Young people leaving custody are receiving inadequate social care support leading to poor resettlement outcomes, a situation that has not improved in four years, inspectors have warned.
Of 50 children and young people released from young offender institutions between October 2018 and August 2019, 37 needed social care input, yet only six received adequate support, the probations and prisons inspectorates’ report found.
The damning report released earlier this week found that little had changed since a similar review was undertaken in 2015, which the inspectors labelled “immensely disappointing”..
In the 2015 report, it was found that with some notable exceptions, children’s social care services “were not fully engaged in the resettlement of children, sometimes not even fulfilling their statutory duties”. Councils have different duties to children depending on their looked-after or care leaver status but where a child is or has been looked-after they must provide at least some support to them in custody and on release.
‘Dire’ outcomes for many children
Like its predecessor, the 2019 report found poor outcomes on resettlement in relation to reoffending – with 10 convicted of an offence and 25 subject to police investigation within three months of release.
On accommodation, while 30 returned to live with their families, outcomes for the others were “dire”, with some boys not knowing where they would be living on release. Though one third were currently looked after, just one looked-after child returned to the accommodation they were living in before their sentence. Six children had gone missing, while the report also identified a lack of support from youth offending teams for the boys’ education, training and health needs.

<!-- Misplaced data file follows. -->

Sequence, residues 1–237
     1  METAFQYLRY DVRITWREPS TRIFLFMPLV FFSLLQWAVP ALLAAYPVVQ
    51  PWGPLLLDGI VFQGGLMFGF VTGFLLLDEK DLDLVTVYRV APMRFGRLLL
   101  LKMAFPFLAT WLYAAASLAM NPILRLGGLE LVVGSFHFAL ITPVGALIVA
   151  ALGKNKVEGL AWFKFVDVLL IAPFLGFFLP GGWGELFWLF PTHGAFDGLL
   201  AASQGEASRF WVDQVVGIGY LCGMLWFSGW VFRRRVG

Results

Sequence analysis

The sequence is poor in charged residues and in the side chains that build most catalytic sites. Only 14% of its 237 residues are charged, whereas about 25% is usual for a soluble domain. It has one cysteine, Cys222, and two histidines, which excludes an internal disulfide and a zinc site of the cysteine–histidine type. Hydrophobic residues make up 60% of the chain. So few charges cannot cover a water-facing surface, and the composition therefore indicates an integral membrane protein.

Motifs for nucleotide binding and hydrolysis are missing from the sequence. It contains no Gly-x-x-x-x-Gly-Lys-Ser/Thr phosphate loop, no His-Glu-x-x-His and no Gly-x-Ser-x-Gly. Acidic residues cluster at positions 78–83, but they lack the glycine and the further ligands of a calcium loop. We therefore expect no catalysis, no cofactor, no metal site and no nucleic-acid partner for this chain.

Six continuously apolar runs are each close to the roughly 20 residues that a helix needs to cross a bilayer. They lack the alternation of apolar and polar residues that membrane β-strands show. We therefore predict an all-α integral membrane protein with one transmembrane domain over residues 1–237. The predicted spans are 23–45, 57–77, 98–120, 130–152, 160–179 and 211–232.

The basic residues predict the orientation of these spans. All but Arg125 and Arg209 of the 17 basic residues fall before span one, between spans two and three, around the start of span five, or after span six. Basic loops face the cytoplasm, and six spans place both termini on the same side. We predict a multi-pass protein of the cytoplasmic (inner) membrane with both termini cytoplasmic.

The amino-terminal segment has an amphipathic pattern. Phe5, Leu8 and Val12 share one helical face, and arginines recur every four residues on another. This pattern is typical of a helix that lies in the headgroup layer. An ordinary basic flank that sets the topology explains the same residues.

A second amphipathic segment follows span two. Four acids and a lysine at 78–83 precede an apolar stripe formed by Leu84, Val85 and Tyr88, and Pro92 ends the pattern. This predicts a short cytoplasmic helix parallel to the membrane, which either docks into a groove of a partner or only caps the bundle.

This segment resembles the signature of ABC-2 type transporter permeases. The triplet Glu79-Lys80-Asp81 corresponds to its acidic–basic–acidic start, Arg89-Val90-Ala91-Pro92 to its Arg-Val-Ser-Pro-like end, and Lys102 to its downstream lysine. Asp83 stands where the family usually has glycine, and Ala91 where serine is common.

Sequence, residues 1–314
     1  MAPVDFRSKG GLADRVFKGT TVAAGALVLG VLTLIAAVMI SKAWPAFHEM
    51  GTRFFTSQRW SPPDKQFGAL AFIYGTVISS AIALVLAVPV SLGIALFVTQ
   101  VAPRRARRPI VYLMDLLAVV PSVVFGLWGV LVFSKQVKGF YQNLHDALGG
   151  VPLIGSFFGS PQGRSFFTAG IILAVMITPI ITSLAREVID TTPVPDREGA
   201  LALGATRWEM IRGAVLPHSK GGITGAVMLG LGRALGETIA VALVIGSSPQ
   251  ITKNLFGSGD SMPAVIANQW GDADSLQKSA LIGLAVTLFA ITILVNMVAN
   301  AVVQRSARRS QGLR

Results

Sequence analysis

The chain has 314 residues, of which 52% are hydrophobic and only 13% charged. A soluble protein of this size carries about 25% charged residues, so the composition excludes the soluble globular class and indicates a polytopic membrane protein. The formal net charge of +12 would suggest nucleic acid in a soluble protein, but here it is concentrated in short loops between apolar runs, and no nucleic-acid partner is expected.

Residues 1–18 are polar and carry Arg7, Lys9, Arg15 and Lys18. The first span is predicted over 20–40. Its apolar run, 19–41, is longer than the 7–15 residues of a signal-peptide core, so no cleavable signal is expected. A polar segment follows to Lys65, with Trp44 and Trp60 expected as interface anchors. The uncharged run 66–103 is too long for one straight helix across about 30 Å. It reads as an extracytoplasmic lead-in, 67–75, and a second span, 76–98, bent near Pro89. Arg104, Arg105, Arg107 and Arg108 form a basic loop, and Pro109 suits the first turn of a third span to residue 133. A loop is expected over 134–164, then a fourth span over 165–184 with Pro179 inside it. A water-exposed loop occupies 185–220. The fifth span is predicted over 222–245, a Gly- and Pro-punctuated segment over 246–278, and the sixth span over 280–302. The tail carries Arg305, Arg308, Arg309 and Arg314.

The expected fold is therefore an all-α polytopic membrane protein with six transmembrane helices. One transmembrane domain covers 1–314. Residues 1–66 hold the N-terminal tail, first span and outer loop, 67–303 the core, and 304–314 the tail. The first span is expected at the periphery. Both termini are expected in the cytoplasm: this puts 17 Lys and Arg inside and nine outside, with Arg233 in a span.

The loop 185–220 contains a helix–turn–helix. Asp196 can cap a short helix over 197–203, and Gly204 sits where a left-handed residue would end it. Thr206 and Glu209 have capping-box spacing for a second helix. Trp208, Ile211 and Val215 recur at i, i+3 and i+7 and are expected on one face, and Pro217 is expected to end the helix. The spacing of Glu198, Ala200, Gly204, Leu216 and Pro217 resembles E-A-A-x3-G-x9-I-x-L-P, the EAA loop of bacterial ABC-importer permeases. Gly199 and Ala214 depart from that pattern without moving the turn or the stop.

Among the report’s recommendations were for the government to develop a national accommodation strategy for children released from custody, and provide accommodation retainers to ensure that children had suitable housing in place a minimum of one month before release.
Messages in report ‘not new’, ADCS acknowledges
Responding to the report, Stuart Gallimore, the immediate past president of the Association of Directors of Children’s Services (ADCS), acknowledged that many of the messages in the report were not new.
“The outcomes of too many children and young people leaving custody remain poor in terms of entering education, finding employment and rates of re-offending,” Gallimore said.
“The report recognises that resettlement can be a scary time for some children and young people and planning for their release should ideally start as soon as they start their custodial sentence, so that the services and support they need are available when and where they need them.”
Gallimore said finding suitable accommodation was one of the main difficulties councils faced in this area of work, due to a national shortage of housing – particularly social housing – and a shortage of placements for children in care.
“The recommendation in this report for a national scheme to pay retainers on suitable accommodation a minimum of one month before a child or young person’s release is worthy of further discussion,” he said.
Longer planning period to support improved resettlement
The chair of the Local Government Association’s Children and Young People Board, Judith Blake said councils were often made aware of release dates at short notice which made resettlement planning by YOTs extremely difficult.
“A severe lack of social rented housing means that finding suitable accommodation for young offenders upon their release can be challenging, especially at short notice.”
She added: “Limited numbers of secure children’s homes and young offender institutions means that young people are often placed at a considerable distance from their home and community which compounds difficulties in planning.”
Blake said a longer planning period would support improved resettlement, allowing time to identify the right placements and provide certainty and stability for young people leaving custody.
“It is also vital that the youth secure estate works more closely with its partners and that all parts of the system are properly resourced to improve outcomes for all children and young people in custody.”